| Acceptable in Bollywood, not Bandstand
Mumbai, Nov. 19: It’s war out here. But in the battle between cops and robbers, oops, lovers, the latter are proving a mighty foe.
Mumbai police have sounded the bugle for an all out attack on lovers at Bandstand, Carter Road and Marine Lines, but they are giving it back as hard as they are getting it.
Barely a day after the Bandra police rounded up nearly 50 couples for “obscene behaviour”, the Bandstand rocks were dotted with lovers who did not hide themselves from either the afternoon sun — harsh at 36 degrees Celsius — or the cops.
“How many lovers will the police arrest and for what'” asks Sandeep Chowhan, sitting hand in hand with girlfriend Sunidhi.
Ensconced in the crevice of another rock, Makarand says: “This moral policing will have to end. Can you imagine the cops arresting lovers in Mumbai, that too in this day and age' Disgusting.”
In the latest drive against “obscenity in public”, at least 30 couples have been found guilty of obscenity and fined Rs 1,250 each.
The couples were booked under Section 110 of the Bombay Police Act.
The Act says “no person shall wilfully and indecently expose his person in any street or public place or within sight of and in any such manner as to be seen from within any street or public place.”
Those arrested, however, say it is unthinkable to “indecently expose” in Bandstand and Carter Road with policemen popping up like mushrooms.
The police, who have been bombarded by bitter rejoinders from the public, say they acted in public interest.
“All those who have been booked were seen violating the Bombay Police Act,” says Bandra police inspector Samad Shaikh.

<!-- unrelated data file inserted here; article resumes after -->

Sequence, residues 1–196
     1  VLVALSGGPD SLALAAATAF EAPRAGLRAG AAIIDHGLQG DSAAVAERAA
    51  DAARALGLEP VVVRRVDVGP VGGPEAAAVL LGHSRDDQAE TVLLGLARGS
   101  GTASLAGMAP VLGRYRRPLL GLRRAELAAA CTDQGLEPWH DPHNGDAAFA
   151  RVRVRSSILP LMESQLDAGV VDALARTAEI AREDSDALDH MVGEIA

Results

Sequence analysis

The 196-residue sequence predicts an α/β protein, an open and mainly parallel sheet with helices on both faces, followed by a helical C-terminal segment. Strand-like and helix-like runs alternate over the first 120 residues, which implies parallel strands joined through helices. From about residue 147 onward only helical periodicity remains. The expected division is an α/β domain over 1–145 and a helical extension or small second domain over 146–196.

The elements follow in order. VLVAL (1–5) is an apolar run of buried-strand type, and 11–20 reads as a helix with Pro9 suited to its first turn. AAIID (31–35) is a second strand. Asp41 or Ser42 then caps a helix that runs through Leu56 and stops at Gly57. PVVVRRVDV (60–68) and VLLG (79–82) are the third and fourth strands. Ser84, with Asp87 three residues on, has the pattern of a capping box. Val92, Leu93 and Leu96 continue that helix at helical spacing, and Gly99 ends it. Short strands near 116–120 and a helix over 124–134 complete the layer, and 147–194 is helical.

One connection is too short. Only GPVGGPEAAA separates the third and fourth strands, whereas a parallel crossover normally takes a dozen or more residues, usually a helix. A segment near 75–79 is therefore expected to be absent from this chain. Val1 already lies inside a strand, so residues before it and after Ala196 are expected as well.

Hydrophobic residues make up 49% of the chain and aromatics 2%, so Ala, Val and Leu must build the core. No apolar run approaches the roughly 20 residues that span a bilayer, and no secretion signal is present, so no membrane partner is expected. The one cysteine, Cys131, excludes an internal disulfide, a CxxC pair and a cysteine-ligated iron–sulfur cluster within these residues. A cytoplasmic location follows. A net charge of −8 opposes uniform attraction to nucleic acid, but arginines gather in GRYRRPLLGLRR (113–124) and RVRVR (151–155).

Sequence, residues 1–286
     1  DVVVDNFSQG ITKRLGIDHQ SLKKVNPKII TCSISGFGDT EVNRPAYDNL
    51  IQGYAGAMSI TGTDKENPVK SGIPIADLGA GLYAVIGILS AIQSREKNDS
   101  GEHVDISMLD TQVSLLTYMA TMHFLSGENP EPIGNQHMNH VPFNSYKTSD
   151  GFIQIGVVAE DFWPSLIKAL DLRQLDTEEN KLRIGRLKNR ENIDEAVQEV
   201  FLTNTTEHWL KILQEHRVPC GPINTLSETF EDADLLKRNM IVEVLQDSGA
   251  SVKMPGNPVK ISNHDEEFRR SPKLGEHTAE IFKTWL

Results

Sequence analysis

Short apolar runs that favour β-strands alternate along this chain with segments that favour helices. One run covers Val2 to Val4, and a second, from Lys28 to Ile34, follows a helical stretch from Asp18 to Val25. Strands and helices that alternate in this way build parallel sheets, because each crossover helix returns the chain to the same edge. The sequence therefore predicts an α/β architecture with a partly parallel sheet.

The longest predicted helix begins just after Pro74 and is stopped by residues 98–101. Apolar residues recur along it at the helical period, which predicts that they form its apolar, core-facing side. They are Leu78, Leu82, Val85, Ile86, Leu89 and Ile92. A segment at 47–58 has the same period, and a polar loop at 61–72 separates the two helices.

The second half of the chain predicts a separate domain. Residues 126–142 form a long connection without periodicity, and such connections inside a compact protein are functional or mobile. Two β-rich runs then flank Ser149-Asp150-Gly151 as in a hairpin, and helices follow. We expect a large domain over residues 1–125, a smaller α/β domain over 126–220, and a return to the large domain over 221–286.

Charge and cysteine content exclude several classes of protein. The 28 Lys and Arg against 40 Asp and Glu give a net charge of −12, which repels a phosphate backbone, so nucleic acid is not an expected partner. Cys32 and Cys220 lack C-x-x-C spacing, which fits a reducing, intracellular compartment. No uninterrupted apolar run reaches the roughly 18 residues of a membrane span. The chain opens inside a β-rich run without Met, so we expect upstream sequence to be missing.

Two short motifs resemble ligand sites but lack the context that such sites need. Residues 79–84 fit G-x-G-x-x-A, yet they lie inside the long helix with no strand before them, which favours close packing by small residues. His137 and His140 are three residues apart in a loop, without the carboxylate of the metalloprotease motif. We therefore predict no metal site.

But with the war getting bigger and bitter, politicians have now joined in. Narayan Rane, the Shiv Sena’s leader of the Opposition, says the police are harassing couples for money.
The Sena, which earlier demonstrated its own brand of moral policing, says: “There is a shortage of space in the city for couples. They have been going to Bandstand for years. Why are they being harassed now'”
Joining the debate, Sunil Dutt, Congress MP, says: “If young couples coming to Bandstand just sit on the rocks and hold hands, one should not mind. But they, too, have to be careful about what they do.”
Those caught say they were doing nothing wrong. Sumit, an executive with a bank, says that the police bundled him up from a bench facing Mount Mary’s Road even when he told them he had been married for two years.
Even the Bandstand Residents’ Association has turned against the cops. It says the police are lying when they say they were acting on a complaint from residents. “Police claim the residents complained to them, but we did not,” says Kekoo Gandhi, a member. “The police should have been more responsible while rounding up the couples.”
There are also those who support the police action like P.C. Kapoor. But he adds a rider. “The police must ascertain if the couples were indeed behaving obscenely. It can be very embarrassing for decent people to be arrested.” But couples who frequent the rocks remain undaunted. “The police should live and let live,” says 19-year-old Neelem Soni, boyfriend Akash in tow. “Aur phir pyar kiya to darna kya.”